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Wednesday 13 December 2017
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Did Nana get this from Nanna?

The not very exact story of the long cloth in West Africa!

 

By Ada Anioji

 

Considered by some to be one of Ghana’s most stylish celebrities today, Nana Akua Addo did not disappoint on the red carpet at the just concluded Africa Music Awards, AFRIMA held at the Eko Hotel and Suites, Victoria Island, Lagos. She dazzled in her dressing, thanks to the artistic strength of her designer, Rika Oto Fashion.

But then where did the inspiration for this no-length barred flowing gown come from?

Until we are told we want to believe that it does reside in the arena of the long flowing cloth traditions of the Itsekiris of Nigeria’s Niger-Delta region as exemplified by what has come to be reputed as being the ‘dress code’ of the people that was made popular by Nigeria’s first indigenous Finance Minister, the late Chief Festus Okotie-Eboh (aka Omimi Ejoor) as depicted in the picture below?

Okotie-Eboh making his way to a ceremonial event

And then how did this inspiration flow on to Nana Akua Addo?

Relax, we will tell you what we think.

Historical accounts record that on account of the dogged resistance put up by the Itsekiri Chief, Nanna Olomu (aka Nanna of Itsekiri), when the British Army raided his fortress at Ebrohimi in the Benin River area in 1894 during the (in)famous Ebrohimi War or Ebrohimi Expedition, the British was to insist – after his eventual escape, flight and voluntary surrender to Governor Carter  in Lagos – that not only would Ebrohimi be totally razed down but that he Nanna must be taken very far away to a place where he would no longer be a threat to the Empire!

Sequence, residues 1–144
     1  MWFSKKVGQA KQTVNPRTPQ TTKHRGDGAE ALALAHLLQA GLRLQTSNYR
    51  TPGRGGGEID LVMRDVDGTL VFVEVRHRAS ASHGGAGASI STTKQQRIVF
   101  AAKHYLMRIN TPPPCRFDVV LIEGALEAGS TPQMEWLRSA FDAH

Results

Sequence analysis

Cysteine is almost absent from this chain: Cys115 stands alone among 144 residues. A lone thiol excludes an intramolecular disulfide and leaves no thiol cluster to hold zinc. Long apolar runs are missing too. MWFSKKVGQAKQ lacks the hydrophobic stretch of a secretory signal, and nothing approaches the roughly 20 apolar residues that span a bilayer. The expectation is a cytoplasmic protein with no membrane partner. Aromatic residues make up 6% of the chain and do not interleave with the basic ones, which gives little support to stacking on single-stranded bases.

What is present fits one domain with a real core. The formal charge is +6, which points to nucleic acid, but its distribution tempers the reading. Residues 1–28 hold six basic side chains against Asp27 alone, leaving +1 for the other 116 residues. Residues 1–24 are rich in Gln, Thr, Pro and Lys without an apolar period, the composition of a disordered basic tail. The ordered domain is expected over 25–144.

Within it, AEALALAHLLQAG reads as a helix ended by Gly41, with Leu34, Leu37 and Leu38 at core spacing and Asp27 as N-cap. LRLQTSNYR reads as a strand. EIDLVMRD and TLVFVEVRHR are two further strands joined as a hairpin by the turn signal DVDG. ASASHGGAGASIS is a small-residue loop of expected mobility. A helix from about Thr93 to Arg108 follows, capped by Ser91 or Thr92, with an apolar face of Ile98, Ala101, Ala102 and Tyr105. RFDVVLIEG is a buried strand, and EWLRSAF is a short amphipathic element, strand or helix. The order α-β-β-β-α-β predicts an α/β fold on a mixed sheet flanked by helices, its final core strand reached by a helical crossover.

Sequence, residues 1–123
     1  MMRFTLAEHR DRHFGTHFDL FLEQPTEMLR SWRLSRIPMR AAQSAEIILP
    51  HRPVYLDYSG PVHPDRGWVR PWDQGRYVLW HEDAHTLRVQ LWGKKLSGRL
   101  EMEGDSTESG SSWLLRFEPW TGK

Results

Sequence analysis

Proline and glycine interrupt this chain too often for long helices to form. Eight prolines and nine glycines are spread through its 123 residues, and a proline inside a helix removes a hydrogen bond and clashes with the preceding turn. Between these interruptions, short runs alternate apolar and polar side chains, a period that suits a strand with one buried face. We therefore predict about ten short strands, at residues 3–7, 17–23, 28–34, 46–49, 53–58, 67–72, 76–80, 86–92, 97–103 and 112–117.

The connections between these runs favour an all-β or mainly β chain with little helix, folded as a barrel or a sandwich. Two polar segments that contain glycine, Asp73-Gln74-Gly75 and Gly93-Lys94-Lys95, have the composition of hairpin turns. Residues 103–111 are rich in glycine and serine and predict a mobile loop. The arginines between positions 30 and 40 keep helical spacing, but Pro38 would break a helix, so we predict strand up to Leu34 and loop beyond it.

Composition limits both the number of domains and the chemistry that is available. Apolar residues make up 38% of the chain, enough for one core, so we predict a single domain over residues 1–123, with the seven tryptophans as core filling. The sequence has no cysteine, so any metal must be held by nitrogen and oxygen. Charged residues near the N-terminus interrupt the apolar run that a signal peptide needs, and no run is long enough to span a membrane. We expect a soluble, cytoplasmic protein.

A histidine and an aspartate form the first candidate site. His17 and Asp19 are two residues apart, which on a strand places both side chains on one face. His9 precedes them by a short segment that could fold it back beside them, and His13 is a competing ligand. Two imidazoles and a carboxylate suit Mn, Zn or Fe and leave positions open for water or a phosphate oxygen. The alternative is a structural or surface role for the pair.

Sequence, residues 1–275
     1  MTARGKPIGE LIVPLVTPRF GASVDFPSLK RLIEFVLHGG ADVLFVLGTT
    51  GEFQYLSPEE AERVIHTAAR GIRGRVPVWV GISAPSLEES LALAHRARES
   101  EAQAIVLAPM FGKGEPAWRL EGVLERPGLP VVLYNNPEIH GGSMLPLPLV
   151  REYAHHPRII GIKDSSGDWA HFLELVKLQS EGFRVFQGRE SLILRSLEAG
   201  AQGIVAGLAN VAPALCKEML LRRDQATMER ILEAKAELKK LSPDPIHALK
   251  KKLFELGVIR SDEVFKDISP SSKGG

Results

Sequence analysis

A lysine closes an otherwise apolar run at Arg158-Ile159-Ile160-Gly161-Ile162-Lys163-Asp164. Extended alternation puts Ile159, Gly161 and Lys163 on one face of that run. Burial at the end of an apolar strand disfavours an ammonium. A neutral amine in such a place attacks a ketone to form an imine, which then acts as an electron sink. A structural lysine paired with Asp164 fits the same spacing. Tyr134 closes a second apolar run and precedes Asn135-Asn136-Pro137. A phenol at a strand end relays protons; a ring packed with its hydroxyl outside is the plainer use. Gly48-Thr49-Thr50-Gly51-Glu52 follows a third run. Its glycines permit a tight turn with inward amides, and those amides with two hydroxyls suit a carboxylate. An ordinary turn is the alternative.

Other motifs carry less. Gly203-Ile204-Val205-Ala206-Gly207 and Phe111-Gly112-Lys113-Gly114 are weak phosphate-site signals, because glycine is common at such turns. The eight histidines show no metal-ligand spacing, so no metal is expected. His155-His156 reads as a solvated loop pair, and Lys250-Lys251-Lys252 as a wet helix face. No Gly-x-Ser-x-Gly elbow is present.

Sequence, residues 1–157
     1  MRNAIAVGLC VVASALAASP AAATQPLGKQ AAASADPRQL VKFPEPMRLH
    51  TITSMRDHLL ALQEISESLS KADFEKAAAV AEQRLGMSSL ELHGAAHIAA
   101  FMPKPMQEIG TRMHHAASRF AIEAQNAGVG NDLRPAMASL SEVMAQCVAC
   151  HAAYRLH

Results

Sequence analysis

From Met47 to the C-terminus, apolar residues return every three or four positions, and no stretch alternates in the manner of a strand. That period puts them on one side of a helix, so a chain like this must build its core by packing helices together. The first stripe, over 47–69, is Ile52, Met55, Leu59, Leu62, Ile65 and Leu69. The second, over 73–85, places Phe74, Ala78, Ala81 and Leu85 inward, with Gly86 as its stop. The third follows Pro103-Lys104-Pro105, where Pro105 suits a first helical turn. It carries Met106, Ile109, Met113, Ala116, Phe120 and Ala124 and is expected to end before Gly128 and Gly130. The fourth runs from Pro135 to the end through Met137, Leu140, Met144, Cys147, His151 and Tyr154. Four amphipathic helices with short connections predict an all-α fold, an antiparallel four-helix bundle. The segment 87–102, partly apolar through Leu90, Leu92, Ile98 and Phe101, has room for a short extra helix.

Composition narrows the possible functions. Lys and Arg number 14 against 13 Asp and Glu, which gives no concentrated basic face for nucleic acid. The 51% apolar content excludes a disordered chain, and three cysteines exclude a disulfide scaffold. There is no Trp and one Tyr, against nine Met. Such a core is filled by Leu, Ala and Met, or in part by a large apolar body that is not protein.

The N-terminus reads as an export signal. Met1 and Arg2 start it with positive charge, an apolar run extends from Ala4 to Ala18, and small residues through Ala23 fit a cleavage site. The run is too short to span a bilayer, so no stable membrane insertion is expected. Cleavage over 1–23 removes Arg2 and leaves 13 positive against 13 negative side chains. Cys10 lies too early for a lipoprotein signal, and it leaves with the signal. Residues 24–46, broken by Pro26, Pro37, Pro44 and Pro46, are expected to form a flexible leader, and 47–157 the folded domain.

Lagos was clearly not this place as the very wealthy, astute and richly connected Nanna had influential friends and business partners like the Yoruba Chief, Olowu and the British trader, William Neville, who was also a co-founder of the Bank for British West Africa, the precursor of today’s FirstBank Plc.

The first place that was to be chosen accordingly then was Calabar but also worried over Nanna’s extensive coastal trade links, the British authorities finally elected on moving him to the precincts of the more distant Fort Christiansbourg, later renamed Osu Castle in the then Gold Coast.

Of course, while in Ghana, Nanna would naturally have continued with his long established ‘dress sense’ to the point that even when his days in exile came to a close in 1906 and he was returning back to Nigeria to establish a new headquarters in Koko, in today’s Delta State, some of that long cloth legacy was going to remain, and eventually percolate through the progenitors of this other stylish Ghanaian Nana until it has now caught up with her seemingly!

Really, Africa could be a country!

 

 

 

 

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